Carrie’s life is just getting back on track when we rejoin her narrative. She’s living in her sister’s house, spending time with the family and teaching English as a Second Language. And so when the CIA comes calling, asking her to fly to Lebanon and engage a former contact, it asks her to return to the life she’s been trying to avoid.

Similarly, Brody is moving forward with his life as a congressman hoping that his relationship with Abu Nazir won’t become an active part in his life. He wants to believe that his subtle influence of policy is his role in the larger game, that his way of protecting Isa’s memory is to find ways to keep the same kind of attack from happening again. And so when he is contacted by one of Abu Nazir’s people to play a role in the planned attack in retaliation for the Israeli strikes on Iran, he’s forced back to that moment when he almost pulled the trigger. There, he was killing men responsible for the killing of innocents; now, he’s being asked to play a role in the killing of innocents in response.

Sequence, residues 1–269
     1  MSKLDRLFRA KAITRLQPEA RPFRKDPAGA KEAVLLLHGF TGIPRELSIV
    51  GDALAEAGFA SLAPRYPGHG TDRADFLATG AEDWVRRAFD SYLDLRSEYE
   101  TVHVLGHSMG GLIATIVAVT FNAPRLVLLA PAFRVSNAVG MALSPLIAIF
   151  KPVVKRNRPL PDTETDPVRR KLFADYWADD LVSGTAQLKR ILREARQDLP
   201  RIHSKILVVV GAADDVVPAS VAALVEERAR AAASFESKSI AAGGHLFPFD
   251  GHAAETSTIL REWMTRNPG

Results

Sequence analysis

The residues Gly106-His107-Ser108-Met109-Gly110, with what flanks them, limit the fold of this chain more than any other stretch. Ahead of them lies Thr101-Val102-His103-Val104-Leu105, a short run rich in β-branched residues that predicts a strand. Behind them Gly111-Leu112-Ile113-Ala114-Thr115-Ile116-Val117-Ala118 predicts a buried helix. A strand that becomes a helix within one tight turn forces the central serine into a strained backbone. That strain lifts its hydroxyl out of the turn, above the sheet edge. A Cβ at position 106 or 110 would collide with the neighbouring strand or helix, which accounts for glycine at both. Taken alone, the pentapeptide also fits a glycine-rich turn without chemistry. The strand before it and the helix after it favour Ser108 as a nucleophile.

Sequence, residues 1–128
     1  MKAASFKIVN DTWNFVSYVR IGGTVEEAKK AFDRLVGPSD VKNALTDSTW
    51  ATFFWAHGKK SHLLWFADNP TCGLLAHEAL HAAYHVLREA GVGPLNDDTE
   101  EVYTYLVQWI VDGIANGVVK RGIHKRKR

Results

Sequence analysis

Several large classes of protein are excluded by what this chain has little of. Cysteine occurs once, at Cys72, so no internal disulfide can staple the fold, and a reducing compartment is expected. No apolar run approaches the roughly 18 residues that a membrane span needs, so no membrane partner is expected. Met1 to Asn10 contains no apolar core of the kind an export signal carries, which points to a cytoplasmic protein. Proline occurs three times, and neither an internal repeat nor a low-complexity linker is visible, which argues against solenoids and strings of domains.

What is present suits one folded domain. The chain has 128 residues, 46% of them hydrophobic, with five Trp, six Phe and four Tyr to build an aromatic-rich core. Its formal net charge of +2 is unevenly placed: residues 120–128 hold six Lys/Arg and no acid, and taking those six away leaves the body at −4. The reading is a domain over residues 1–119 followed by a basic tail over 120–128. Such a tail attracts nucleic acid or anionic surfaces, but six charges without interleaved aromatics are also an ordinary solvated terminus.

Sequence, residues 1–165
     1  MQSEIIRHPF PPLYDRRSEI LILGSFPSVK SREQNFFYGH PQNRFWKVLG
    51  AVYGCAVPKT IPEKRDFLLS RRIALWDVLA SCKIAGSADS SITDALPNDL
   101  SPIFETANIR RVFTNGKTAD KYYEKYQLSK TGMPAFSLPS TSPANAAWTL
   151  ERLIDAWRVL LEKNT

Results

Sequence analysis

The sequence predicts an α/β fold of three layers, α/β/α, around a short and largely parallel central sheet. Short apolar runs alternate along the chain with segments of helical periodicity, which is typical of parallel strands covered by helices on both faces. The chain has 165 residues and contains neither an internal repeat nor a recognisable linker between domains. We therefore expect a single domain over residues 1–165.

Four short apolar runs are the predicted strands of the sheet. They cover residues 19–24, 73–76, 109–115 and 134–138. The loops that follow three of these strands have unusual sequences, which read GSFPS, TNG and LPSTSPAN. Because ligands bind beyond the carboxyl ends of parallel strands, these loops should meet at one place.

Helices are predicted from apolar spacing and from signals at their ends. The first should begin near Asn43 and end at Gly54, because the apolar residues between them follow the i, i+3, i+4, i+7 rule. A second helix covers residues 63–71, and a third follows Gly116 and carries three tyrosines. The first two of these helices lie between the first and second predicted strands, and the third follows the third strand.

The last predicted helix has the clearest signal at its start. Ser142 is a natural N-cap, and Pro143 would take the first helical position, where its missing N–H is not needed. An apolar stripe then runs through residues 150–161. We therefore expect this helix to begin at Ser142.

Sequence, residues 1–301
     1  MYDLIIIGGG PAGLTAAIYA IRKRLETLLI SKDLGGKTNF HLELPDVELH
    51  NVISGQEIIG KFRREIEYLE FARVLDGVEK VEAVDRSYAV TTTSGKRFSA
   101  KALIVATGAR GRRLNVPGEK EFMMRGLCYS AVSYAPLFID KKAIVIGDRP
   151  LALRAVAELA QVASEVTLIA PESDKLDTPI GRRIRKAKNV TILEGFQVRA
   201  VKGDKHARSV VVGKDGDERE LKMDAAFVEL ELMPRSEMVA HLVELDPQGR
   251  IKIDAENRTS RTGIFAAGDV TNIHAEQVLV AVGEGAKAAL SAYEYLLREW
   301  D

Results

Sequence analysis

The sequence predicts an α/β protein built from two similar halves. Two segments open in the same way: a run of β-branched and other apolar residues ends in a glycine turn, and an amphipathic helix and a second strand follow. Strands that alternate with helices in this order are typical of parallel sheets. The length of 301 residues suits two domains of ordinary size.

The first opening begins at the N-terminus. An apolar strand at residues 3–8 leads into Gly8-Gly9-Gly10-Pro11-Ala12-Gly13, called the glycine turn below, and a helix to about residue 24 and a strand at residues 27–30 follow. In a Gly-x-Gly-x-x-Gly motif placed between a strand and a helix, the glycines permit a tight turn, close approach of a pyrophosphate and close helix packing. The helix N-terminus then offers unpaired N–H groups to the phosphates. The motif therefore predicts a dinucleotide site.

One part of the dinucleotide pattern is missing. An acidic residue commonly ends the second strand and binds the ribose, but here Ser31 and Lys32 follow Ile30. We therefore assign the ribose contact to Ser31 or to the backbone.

“The Smile” asks us who these characters are in light of these new circumstances, testing their new identities based on their old lives. Does Brody still believe what he used to believe? Does Carrie still desire to live on the edge even once she’s spent time on stable ground? By combining the introduction of the season’s over-arching plot with this character study, “The Smile” serves as the perfect reintroduction to this world and the characters operating within it.